By: Staff  Date: 01/12/2012 Category: | Rescue |

Since its inception, the NAIA has taken an active role in promoting purebred dog "rescue," the private rehoming of adoptable abandoned purebred dogs by breed fanciers. I'm pleased to have been invited to write a regular column on rescue for the NAIA News beginning with this issue.

I've been involved in the placement of rescued Chow Chows since 1985 and have chaired the welfare committee of the breed's parent club, The Chow Chow Club Inc., since the committee was appointed in 1990. With the help of committee members Ginny Atkinson, Joan Dunsire and Dave Donahue, CCCI Welfare helps to coordinate, guide, and encourage Chow rescue efforts across the country; provides financial assistance toward the medical expenses of rescued Chows; and offers information on training and behavior for owners of Chow Chows.

Although rescue has only reached the dog fancy's mainstream within the last several years, it isn't a new concept. Many individuals have been quietly working on behalf of abandoned purebreds for upwards of three decades. The last five-to-10 years, though, has seen the activity grow, become better organized and publicized than ever before, and attract the interest and moral support of the American Kennel Club.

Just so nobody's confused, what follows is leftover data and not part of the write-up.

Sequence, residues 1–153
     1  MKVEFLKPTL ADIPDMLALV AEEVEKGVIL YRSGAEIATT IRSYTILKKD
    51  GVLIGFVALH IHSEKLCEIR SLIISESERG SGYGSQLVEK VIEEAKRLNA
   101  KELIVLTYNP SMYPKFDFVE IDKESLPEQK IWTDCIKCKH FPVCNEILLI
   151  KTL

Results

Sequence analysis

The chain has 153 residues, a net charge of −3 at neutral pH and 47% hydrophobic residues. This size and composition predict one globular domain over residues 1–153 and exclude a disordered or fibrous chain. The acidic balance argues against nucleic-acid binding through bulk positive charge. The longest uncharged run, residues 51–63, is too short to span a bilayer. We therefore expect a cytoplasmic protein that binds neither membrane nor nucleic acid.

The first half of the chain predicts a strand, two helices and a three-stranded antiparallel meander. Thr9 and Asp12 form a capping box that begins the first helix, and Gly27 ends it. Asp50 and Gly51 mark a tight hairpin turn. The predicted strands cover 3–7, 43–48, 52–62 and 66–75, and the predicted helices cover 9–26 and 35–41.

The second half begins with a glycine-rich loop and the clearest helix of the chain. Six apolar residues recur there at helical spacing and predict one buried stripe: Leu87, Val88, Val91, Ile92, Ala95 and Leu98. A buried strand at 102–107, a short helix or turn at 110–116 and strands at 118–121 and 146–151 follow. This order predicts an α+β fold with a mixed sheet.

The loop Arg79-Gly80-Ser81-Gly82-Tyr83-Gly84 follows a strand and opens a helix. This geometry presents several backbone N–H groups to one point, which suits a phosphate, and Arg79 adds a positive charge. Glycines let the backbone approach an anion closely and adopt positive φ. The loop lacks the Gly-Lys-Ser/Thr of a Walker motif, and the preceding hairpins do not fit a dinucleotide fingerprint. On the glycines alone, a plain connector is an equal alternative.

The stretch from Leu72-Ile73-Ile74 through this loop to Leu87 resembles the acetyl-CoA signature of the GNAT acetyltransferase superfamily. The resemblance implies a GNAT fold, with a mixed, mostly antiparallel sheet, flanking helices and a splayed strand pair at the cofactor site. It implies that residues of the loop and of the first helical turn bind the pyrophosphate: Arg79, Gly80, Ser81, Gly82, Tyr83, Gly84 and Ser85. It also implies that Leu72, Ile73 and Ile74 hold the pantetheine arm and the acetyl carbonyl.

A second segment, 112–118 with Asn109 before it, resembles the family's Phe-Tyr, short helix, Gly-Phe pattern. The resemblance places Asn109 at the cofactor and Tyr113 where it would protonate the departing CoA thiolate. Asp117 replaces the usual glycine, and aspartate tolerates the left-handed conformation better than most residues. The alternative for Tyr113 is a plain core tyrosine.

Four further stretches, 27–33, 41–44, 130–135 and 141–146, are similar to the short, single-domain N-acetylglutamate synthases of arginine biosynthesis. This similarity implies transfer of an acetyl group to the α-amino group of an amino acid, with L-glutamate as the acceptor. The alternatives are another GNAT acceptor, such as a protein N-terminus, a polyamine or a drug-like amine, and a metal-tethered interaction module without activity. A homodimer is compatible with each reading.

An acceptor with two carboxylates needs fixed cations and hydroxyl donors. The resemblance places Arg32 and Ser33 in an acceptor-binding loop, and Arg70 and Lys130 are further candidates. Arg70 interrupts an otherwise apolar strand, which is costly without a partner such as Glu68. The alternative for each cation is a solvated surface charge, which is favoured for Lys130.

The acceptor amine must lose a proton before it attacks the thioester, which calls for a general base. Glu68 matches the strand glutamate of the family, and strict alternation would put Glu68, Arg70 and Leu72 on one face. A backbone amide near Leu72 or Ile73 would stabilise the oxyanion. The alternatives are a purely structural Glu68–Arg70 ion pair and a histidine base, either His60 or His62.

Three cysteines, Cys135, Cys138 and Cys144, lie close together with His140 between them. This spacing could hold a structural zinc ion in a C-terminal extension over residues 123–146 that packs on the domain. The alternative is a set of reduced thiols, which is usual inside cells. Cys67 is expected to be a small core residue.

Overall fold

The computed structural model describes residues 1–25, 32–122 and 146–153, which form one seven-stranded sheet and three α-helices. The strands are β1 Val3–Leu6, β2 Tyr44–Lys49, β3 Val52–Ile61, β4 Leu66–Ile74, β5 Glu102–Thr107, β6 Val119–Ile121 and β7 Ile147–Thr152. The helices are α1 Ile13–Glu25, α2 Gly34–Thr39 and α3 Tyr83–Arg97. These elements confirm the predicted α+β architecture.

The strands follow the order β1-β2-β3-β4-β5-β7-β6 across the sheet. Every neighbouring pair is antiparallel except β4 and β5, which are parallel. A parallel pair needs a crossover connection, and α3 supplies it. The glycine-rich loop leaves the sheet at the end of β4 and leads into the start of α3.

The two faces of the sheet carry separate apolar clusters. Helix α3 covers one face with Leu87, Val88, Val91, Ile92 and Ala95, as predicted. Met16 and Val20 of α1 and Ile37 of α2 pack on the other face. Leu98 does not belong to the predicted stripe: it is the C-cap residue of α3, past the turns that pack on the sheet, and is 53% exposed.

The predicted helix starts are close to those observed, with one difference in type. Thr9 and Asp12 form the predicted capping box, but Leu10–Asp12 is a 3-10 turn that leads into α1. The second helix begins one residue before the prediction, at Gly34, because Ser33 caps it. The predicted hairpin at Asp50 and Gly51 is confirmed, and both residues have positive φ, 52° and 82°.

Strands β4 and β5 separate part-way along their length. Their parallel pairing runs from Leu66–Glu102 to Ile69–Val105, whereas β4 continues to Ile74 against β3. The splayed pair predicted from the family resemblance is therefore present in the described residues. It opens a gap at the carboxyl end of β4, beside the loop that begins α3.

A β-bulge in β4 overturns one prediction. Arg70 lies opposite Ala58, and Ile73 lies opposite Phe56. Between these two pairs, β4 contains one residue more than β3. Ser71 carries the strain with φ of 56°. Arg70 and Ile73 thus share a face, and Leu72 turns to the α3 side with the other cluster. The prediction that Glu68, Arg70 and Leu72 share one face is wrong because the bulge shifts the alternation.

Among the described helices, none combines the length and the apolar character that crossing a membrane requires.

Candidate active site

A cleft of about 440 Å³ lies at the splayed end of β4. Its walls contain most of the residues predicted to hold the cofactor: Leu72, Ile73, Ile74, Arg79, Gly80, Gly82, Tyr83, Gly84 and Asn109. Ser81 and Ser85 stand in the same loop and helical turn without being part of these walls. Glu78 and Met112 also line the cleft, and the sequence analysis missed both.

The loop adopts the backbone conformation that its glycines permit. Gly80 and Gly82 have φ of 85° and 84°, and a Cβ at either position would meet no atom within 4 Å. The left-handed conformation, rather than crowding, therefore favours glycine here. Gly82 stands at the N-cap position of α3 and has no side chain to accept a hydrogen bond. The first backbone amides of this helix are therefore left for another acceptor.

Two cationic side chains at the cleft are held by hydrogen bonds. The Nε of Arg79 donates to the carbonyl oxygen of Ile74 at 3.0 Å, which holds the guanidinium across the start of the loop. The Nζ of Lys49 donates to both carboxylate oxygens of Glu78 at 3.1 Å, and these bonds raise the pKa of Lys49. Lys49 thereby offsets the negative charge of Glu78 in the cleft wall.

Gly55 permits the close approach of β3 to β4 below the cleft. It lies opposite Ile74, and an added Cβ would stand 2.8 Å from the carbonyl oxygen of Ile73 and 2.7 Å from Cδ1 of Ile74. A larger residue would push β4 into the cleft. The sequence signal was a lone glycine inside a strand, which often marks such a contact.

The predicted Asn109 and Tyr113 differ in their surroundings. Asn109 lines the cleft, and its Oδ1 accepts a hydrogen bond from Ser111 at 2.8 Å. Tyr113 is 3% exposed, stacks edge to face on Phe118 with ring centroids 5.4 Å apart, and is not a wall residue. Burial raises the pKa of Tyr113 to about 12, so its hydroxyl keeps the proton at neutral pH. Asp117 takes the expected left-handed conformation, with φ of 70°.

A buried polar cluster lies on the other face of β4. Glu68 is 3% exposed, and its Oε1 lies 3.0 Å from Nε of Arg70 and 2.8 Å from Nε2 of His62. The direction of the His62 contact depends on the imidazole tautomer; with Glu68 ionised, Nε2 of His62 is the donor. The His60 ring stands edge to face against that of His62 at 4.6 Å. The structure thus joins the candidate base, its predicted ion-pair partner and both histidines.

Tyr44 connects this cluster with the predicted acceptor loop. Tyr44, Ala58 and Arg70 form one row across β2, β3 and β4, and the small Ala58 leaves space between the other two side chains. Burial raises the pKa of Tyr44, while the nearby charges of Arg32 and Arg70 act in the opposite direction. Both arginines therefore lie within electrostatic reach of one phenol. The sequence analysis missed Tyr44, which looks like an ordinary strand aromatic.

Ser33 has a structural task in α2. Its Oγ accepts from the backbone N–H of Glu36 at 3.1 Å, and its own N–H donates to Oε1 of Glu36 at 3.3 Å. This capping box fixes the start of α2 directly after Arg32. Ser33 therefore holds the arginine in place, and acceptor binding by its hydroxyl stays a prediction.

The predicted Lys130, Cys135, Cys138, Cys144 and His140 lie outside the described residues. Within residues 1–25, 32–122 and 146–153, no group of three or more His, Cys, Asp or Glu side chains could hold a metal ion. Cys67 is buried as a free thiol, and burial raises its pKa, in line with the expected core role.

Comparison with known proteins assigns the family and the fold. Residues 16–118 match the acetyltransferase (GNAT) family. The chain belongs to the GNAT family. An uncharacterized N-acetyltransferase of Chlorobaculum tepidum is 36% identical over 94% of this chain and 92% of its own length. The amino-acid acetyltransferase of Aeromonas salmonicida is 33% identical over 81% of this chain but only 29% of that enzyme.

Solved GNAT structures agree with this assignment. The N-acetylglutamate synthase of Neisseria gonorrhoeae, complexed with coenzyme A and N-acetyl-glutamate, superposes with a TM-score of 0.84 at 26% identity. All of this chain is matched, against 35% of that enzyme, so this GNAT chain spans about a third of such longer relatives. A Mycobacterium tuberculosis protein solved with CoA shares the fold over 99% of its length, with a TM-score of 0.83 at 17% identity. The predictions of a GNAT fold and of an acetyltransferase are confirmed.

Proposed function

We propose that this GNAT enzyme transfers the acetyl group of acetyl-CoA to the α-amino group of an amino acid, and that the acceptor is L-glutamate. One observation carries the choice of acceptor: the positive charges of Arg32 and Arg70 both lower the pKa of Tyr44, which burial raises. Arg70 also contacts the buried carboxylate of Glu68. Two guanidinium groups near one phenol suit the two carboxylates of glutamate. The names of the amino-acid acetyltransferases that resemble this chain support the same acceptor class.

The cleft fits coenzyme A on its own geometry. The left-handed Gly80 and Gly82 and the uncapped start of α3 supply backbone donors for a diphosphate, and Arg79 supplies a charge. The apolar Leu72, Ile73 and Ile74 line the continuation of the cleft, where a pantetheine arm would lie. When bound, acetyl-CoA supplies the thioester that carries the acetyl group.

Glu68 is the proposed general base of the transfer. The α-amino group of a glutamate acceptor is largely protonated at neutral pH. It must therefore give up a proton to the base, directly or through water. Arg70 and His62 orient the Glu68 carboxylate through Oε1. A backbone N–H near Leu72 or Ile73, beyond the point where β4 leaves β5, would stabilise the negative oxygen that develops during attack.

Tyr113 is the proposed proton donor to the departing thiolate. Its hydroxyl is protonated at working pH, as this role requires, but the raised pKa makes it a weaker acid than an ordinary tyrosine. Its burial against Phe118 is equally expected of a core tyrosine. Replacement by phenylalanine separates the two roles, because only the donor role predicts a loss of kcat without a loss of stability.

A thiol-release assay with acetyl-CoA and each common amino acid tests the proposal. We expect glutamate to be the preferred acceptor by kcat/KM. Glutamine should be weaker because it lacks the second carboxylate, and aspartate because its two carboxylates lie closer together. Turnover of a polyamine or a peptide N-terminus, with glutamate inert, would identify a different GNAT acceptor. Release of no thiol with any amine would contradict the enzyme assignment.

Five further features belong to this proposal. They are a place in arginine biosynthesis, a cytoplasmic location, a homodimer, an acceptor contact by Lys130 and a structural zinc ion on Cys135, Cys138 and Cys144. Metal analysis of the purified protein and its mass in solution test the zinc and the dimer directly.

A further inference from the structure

Rescue activities and programs range from a single unaffiliated person taking in and fostering an abandoned dog or two in a year's time to large scale, highly organized efforts such as the Yankee Golden Retriever Rescue Inc. that owns its own kennel facility. While there is an amazing amount of variation in policy and procedures in between, they all share a common goal - to help as many homeless purebreds as possible find appropriate adoptive homes where they'll receive the love and care they deserve as their birthright.

The NAIA has so far held three nationally-oriented conferences on purebred rescue, gathering some of the most experienced and active rescue minds to help inform and encourage private rescue efforts. These conferences are the first of their kind on this scale and have been very well-received both by those with long experience in the endeavor and those just starting out.

Beginning with my next column, I'll be explaining in greater detail exactly what rescue involves, what it's intended to do (and not do), the problems rescue personnel face, what we're doing right, what we may be doing wrong, what effect rescue has on purebred dogs and fanciers in general, and how rescue can become a valuable ally to animal shelters and humane societies when a relationship of cooperation and trust is developed and nurtured. I'll be inviting guest columnists to share their experiences, thoughts, and advice. We won't be forgetting about the mixed breed dog either, as their circumstances and needs have a great effect on what is happening in the world of purebreds today.

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All Authors Of This Article: | Vicki DeGruy |
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